ERH: That's is what I meant. Not certification of content but
certification of form, and presentation. As a reader, I want to be assured
that the paper is readable. (That is not always the case: PhD.theses by
some University archives, one cannot read the mathematical formulae;
Elsevier at some time, did decide to override the wishes of the author
to correctly write differentials, 'because it is cheaper, not to care
for this'). In many disciplines, form and content are not so easy to
separate, and should not be.

The confusion here in the discussion comes possibly from my choosing the
word 'certification' and putting it into a sequence of label numbers.
But this is purely technical. I argue for more fully exploiting and
making explicit for an archive what they present to the reader and make
use fully of the possibilities.

> > > c=3 a library expert has read the paper >

> So what? The relevant experts are specialists in the field of the paper,
> not librarians.

ERH: The reality is richer: e.g. in German University Libraries they
have for each learned field (say: Physics) a professional in that field,
one who is quite able to screen papers such that a minimum of garbage
does not pass their filter.
But they are not experts on all topical fields of physics. Which is
(apparently the only level of certification, you have in mind, and what
the traditional topical journals do).

> > c=4 a loose screening has been done by an external expert on that
> > field (topical screening)

> What does this mean?

ERH: As an example: Not long ago, Elsevier planned a new e-service of
assuring that every single paper appearing in ArXiv as a preprint is
refereed by a topical expert within 24 hours. ('First look').
Indeed, in my own field, I would be able to do this and thus give some
first look screening (sorting out not only 'cold fusion', but comparing to
the status of the field, and knowing the groups).
But: for many papers for a thorough refereeing for a highly respected
journal, it may take me weeks, it's another level of quality given by the
same person..

> > c=5 a thorough blind refereeing has been done by a real expert.

> Until further notice, to be able to say this with the kind of authority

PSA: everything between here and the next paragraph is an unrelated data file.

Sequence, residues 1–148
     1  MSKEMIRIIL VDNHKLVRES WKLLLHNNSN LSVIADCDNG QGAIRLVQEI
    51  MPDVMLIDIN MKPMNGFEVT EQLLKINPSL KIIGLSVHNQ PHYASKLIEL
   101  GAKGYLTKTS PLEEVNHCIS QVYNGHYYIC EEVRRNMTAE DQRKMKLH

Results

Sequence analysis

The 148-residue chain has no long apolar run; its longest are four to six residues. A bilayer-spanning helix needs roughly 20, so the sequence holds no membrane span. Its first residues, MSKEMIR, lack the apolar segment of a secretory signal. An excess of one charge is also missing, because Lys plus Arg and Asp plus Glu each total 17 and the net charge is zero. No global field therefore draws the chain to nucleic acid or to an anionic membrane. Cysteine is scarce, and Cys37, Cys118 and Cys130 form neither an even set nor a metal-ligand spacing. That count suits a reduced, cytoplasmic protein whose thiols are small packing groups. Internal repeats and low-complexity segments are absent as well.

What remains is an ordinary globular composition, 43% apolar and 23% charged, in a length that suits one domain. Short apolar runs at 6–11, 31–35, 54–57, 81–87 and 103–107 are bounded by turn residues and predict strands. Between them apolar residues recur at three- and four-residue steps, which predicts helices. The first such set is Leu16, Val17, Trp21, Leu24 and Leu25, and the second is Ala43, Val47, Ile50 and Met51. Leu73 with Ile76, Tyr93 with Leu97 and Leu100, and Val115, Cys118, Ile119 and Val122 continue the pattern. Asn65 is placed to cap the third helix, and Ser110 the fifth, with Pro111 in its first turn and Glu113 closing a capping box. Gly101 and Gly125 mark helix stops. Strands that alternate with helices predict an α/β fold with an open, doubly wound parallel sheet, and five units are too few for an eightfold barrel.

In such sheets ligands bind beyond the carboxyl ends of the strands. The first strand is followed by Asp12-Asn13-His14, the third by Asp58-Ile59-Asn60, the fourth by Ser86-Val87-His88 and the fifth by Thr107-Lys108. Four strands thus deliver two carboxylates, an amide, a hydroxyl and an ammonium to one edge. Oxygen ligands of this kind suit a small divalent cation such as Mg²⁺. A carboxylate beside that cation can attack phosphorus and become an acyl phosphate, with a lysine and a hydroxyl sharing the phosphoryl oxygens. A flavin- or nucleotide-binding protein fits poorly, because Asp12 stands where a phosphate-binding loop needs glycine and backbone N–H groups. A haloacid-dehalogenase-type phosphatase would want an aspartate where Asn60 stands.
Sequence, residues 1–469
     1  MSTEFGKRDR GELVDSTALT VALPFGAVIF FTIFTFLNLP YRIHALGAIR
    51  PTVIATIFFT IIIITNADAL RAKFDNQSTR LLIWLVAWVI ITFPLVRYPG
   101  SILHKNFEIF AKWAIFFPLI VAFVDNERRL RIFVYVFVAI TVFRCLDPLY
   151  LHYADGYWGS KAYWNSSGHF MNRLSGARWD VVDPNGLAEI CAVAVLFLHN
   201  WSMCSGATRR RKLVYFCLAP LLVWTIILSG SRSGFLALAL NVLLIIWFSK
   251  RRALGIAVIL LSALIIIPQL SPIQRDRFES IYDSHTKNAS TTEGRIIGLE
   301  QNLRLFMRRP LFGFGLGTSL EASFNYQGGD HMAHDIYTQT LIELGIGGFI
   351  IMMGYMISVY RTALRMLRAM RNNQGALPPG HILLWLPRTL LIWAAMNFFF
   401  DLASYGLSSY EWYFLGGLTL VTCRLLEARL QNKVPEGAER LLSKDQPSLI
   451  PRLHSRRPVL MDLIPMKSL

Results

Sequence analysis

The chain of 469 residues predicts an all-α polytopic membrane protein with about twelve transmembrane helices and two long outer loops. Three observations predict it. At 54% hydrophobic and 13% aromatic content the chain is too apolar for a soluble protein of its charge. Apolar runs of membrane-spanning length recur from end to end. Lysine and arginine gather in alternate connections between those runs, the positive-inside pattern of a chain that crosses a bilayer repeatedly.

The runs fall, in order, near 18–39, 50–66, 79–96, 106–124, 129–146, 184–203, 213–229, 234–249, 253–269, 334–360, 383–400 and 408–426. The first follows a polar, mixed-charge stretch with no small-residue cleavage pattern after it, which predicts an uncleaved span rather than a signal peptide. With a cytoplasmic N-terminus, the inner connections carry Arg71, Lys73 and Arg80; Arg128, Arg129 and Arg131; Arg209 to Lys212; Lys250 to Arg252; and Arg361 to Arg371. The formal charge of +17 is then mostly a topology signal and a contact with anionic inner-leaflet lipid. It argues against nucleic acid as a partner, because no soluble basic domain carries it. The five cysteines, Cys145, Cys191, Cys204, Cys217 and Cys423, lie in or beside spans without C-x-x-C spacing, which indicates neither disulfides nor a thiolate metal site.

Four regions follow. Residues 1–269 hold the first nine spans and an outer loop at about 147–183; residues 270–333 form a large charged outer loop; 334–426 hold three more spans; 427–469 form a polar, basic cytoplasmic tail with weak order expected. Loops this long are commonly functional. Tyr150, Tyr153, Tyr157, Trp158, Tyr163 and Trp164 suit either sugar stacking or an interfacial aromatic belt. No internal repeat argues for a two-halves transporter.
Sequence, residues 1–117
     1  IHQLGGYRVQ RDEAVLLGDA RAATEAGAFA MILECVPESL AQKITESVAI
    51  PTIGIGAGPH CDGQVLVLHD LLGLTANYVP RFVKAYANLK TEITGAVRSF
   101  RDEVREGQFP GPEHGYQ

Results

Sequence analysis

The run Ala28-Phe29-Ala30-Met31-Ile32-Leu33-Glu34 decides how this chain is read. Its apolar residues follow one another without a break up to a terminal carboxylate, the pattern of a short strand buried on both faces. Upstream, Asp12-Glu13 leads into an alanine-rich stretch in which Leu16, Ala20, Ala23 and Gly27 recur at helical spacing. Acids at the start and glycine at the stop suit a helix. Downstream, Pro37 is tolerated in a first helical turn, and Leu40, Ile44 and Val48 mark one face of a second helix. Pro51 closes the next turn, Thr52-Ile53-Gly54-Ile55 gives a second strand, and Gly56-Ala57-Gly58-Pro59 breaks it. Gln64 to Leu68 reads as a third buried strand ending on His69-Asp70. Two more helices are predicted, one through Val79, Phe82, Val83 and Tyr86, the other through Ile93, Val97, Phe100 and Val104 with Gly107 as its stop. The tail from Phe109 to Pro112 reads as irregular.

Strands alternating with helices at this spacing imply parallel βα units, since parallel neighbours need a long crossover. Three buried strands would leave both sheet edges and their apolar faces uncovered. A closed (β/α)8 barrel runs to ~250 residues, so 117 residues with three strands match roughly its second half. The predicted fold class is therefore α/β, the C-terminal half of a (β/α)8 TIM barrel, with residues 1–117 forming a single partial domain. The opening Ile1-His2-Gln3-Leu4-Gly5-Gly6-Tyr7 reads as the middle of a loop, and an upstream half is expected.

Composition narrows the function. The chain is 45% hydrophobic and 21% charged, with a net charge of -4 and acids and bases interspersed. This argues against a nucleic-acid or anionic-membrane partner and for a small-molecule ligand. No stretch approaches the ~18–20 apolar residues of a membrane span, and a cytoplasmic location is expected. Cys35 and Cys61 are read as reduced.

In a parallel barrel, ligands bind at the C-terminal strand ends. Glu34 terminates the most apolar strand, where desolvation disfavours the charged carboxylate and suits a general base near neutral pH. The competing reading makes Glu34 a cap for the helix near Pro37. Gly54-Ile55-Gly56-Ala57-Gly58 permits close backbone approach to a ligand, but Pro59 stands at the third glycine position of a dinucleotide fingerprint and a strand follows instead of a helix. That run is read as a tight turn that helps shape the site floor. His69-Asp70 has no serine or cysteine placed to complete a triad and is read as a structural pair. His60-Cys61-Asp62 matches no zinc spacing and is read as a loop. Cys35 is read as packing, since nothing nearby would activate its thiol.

> needed so that people can trust it, and can know what to do with it, it
> has to be said by a refereed journal, with known quality standards. Hence
> "c-5" is conventional peer review, the only form of certification so far.
> This is covered by the REFEREED and JOURNAL-NAME tags.

ERH: Yes, but here we separate: readers will highly value it if this
does not remain the only quality information on the paper given by the
source presenting it on the web. We should not just try to mirror the
existing services of traditional journals but to exploit the full richness
of the e-prints; and that means more responsibility to say clearly what
an archive presents.

> > c=6 paper has been annotated, commented by other professionals openly.
> > and so forth.

> This is peer commentary, not peer review. A valuable supplement to peer
> review, but not a substitute for it, and covered by the COMMENTARY and
> CITATION links:
> Peer Review, Peer Commentary, and Eprint Archive Policy

> > Since you as an archive will store the paper right from the beginning,
> > you just keep changing the value of c and keep the paper.

> These are not changing values of a certification "c" but additional,

ERH: I agree. You seem not to like the internal labelling of different
meta-tags. That is an internal archive workflow question.

> > Nothing is rejected, but the user is told what status the paper has.
> > Further reading:
> > E.R.Hilf and H.-J.Waetjen:
> > Scientific Refereeing in a Distributed World
> >

> Institutional archives are neither for accepting/rejecting nor for
> certifying. They are for archiving their own research output. They can
> have internal criteria for what may be archived therein (e.g., only research,
> only research by researchers affiliated with the institution, and
> any further internal criteria the institution may wish to impose on its
> archive), but this has nothing to do with certification, peer review,
> or other established external indicators of quality-level (chief of which
> is JOURNAL-NAME at the present time).

ERH: That is a clear formulation of your personal view. And here is mine:
You try to tell us that only Journal-name and their refereeing is giving
certification, peer review and quality levels. The reality is different:
Numerous research institutions and research groups have their own
paper-lines, for historic reasons called 'Preprint' often
(e.g., the BROWN BAG SERIES of Caltec Astrophysics Laboratory or the yellow
line of the T.University of Darmstadt, or the green one of the Small
Systems group of Oldenburg) where only those papers are added and
distributed that have undergone a refereeing of a topical expert.

For historic and technical reasons, topical journals with their blind
refereeing were the only quality filter in the past.

With the eprint age, we as scientific community have to improve the
professional information of our colleagues by exploiting and implementing
all means of filtering that will assist in finding the material we

Eberhard R. Hilf, Dr. Prof.i.R.;
Institute for Science Networking Oldenburg GmbH
an der Carl von Ossietzky Universitaet
Ammerlaender Heerstr.121; D-26129 Oldenburg
my homepage:
tel/Fax: +49-(0)-441-798-2884/5851
Received on Wed Aug 07 2002 - 12:47:39 BST